Global MSC Security announced that it will host a live Special Online Event on Tuesday 16th March at 13:00 (GMT), to help Security Managers understand how the latest video surveillance technology is enabling camera operators to improve how live incidents are managed. The ‘Developing Smart Surveillance Operators’ live studio broadcast is free-to-attend and will include expert insights from Genetec, Hanwha Techwin and Bosch Security and Safety Systems. The handling of incidents in progress requires a very different skillset to managing of post event investigations familiar to most operators, as the Managing Director of Global MSC Security, Derek Maltby explains: “It is not realistic to expect an operator to concentrate on a video wall for long periods of time and detect the often subtle cues, or patterns of behavior, that suggest an incident is taking place, or about to escalate." Surveillance camera operators "It is also true that many operators are not sure about what it is that they need to be looking for.” He adds: “To compound the problem, incidents may occur on cameras that do not have a live feed on the video wall.” The event is sponsored by Genetec, Hanwha Techwin and Bosch Security and Safety Systems Trained surveillance camera operators are very good at making the right judgment calls under pressure, but they need a clear operating picture. This is where the latest technology can help. The second Global MSC Security Special Online Event will demonstrate how operators can be automatically alerted to potentially suspicious or unusual activity. By presenting them with real-time insights, they can take the appropriate course of action at the right time, to mitigate or deescalate a situation. Smart surveillance systems “The direction of travel in both public and private sectors is towards smart surveillance, and many organizations already have the foundations in place through recent investments in IP-based systems,” continues Maltby. “However, it is also true that in most instances these same systems are vastly underutilised. This event is aimed at putting organizations on the right path, making sure they understand the true value and realize the full potential of what they have.” The former Surveillance Camera Commissioner and new Chief Privacy Officer at Corsight AI, Tony Porter QPM LLB, will join a panel of independent speakers, chaired by Consultant at Global MSC Security, David White. The Global MSC Security ‘Developing Smart Surveillance Operators’ Special Online Event is free-to-attend and takes place on 16th March at 13:00 (GMT). It sponsored by Genetec, Hanwha Techwin and Bosch Security and Safety Systems and media sponsor the International Security Journal.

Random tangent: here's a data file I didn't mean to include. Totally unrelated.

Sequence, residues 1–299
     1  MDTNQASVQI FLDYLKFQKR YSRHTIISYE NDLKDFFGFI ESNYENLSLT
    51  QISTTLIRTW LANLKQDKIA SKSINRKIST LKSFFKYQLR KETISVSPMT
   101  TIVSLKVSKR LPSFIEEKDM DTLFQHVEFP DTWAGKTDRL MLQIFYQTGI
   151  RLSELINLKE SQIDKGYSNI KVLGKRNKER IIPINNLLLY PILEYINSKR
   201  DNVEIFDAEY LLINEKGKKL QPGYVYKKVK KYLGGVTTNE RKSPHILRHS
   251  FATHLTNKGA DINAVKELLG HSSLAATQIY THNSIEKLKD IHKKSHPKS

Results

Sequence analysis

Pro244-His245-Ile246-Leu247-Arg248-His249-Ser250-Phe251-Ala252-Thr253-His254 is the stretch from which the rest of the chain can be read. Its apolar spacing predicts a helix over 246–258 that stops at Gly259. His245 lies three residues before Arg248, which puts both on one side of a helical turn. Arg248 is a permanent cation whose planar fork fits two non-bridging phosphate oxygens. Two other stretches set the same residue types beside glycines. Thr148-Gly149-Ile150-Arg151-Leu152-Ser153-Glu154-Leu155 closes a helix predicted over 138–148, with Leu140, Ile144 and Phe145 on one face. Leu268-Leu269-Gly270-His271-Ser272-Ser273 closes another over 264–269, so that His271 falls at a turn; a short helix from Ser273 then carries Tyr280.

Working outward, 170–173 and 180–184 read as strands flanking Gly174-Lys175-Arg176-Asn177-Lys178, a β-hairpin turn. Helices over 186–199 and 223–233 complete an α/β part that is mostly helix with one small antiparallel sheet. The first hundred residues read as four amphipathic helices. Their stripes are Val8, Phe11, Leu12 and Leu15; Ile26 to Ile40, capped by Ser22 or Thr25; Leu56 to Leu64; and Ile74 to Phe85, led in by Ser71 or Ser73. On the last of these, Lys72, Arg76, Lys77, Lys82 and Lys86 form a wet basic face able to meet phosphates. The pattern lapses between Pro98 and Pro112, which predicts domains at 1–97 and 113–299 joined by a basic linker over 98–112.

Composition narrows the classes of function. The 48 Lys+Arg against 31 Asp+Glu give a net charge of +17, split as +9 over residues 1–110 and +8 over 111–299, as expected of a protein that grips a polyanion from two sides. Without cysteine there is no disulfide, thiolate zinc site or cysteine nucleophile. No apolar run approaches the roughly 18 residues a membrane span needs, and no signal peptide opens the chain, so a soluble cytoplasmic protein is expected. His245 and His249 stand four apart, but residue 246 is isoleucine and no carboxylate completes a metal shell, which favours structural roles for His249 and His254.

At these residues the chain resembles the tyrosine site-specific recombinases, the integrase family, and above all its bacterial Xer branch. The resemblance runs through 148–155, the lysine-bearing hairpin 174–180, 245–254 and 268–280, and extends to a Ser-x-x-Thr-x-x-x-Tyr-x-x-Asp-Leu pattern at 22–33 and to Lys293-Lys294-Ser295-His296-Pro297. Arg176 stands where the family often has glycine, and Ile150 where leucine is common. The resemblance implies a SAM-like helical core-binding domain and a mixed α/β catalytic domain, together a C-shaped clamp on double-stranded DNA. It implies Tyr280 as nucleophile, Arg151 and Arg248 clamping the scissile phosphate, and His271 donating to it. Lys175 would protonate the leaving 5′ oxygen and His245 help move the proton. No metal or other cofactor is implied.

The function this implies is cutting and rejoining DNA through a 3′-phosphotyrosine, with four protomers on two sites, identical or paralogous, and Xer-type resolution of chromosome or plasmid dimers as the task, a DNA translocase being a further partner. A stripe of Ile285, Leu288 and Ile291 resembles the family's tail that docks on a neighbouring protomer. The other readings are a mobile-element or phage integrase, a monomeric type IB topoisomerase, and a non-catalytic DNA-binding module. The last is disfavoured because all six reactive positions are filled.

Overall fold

While the application of facial recognition within both public and private spheres continues to draw criticism from those who see it as a threat to civil rights, this technology has become extremely commonplace in the lives of iPhone users. It is so prevalent, in fact, that by 2024 it is predicted that 90% of smartphones will use biometric facial recognition hardware. CCTV surveillance cameras Similarly, CCTV is a well-established security measure that many of us are familiar with, whether through spotting images displayed on screens in shops, hotels and offices, or noticing cameras on the side of buildings. It is therefore necessary we ask the question of why, when facial recognition is integrated with security surveillance technology, does it become such a source of contention? It is not uncommon for concerns to be voiced against innovation. History has taught us that it is human nature to fear the unknown, especially if it seems that it may change life as we know it. Yet technology is an ever-changing, progressive part of the 21st century and it is important we start to shift the narrative away from privacy threats, to the force for good that LFR (Live Facial Recognition) represents. Live Facial Recognition (LFR) We understand the arguments from those that fear the ethics of AI and the data collection within facial recognition Across recent weeks, we have seen pleas from UK organizations to allow better police access to facial recognition technology in order to fight crime. In the US, there are reports that LAPD is the latest police force to be properly regulating its use of facial recognition to aid criminal investigations, which is certainly a step in the right direction. While it is understandable that society fears technology that they do not yet understand, this lack of knowledge is exactly why the narrative needs to shift. We understand the arguments from those that fear the ethics of AI and the data collection within facial recognition, we respect these anxieties. However, it is time to level the playing field of the facial recognition debate and communicate the plethora of benefits it offers society. Facial recognition technology - A force for good Facial recognition technology has already reached such a level of maturity and sophistication that there are huge opportunities for it to be leveraged as a force for good in real-world scenarios. As well as making society safer and more secure, I would go as far to say that LFR is able to save lives. One usage that could have a dramatic effect on reducing stress in people with mental conditions is the ability for facial recognition to identify those with Alzheimer’s. If an older individual is seemingly confused, lost or distressed, cameras could alert local medical centers or police stations of their identity, condition and where they need to go (a home address or a next of kin contact). Granted, this usage would be one that does incorporate a fair bit of personal data, although this information would only be gathered with consent from each individual. Vulnerable people could volunteer their personal data to local watchlists in order to ensure their safety when out in society, as well as to allow quicker resolutions of typically stressful situations. Tracking and finding missing persons Another possibility for real world positives to be drawn from facial recognition is to leverage the technology to help track or find missing persons, a lost child for instance. The most advanced forms of LFR in the market are now able to recognize individuals even if up to 50% of their face is covered and from challenging or oblique angles. Therefore, there is a significant opportunity not only to return people home safely, more quickly, but also reduce police hours spent on analyzing CCTV footage. Rapid scanning of images Facial recognition technology can rapidly scan images for a potential match Facial recognition technology can rapidly scan images for a potential match, as a more reliable and less time-consuming option than the human alternative. Freed-up officers could also then work more proactively on the ground, patrolling their local areas and increasing community safety and security twofold. It is important to understand that these facial recognition solutions should not be applied to every criminal case, and the technology must be used responsibly. However, these opportunities to use LFR as force for good are undeniable. Debunking the myths One of the central concerns around LFR is the breach of privacy that is associated with ‘watchlists’. There is a common misconception, however, that the data of every individual that passes a camera is processed and then stored. The reality is that watch lists are compiled with focus on known criminals, while the general public can continue life as normal. The very best facial recognition will effectively view a stream of blurred faces, until it detects one that it has been programmed to recognize. For example, an individual that has previously shoplifted from a local supermarket may have their biometric data stored, so when they return to that location the employees are alerted to a risk of further crimes being committed. Considering that the cost of crime prevention to retailers in recent years has been around £1 billion, which therefore impacts consumer prices and employee wages, security measures to tackle this issue are very much in the public interest. Most importantly, the average citizen has no need to fear being ‘followed’ by LFR cameras. If data is stored, it is for a maximum of 0.6 seconds before being deleted. Privacy Privacy is ingrained in facial recognition solutions, yet it seems the debate often ignores this side of the story Privacy is ingrained in facial recognition solutions, yet it seems the debate often ignores this side of the story. It is essential we spend more time and effort communicating exactly why watchlists are made, who they are made for and how they are being used, if we want to de-bunk myths and change the narrative. As science and technology professionals, heading up this exciting innovation, we must put transparency and accountability at the center of what we do. Tony Porter, former Surveillance Camera Commissioner and current CPO at Corsight AI, has previously worked on developing processes that audit and review watch lists. Such restrictions are imperative in order for AI and LFR to be used legally, as well as ethically and responsibly. Biometrics, mask detection and contactless payments Nevertheless, the risks do not outweigh the benefits. Facial recognition should and can be used for good in so many more ways than listed above, including biometric, contactless payments, detecting whether an individual is wearing a facemask and is therefore, safe to enter a building, identifying a domestic abuse perpetrator returning to the scene of a crime and alerting police. There are even opportunities for good that we have not thought of yet. It is therefore not only a waste not to use this technology where we can, prioritising making society a safer place, it is immoral to stand by and let crimes continue while we have effective, reliable mitigation solutions.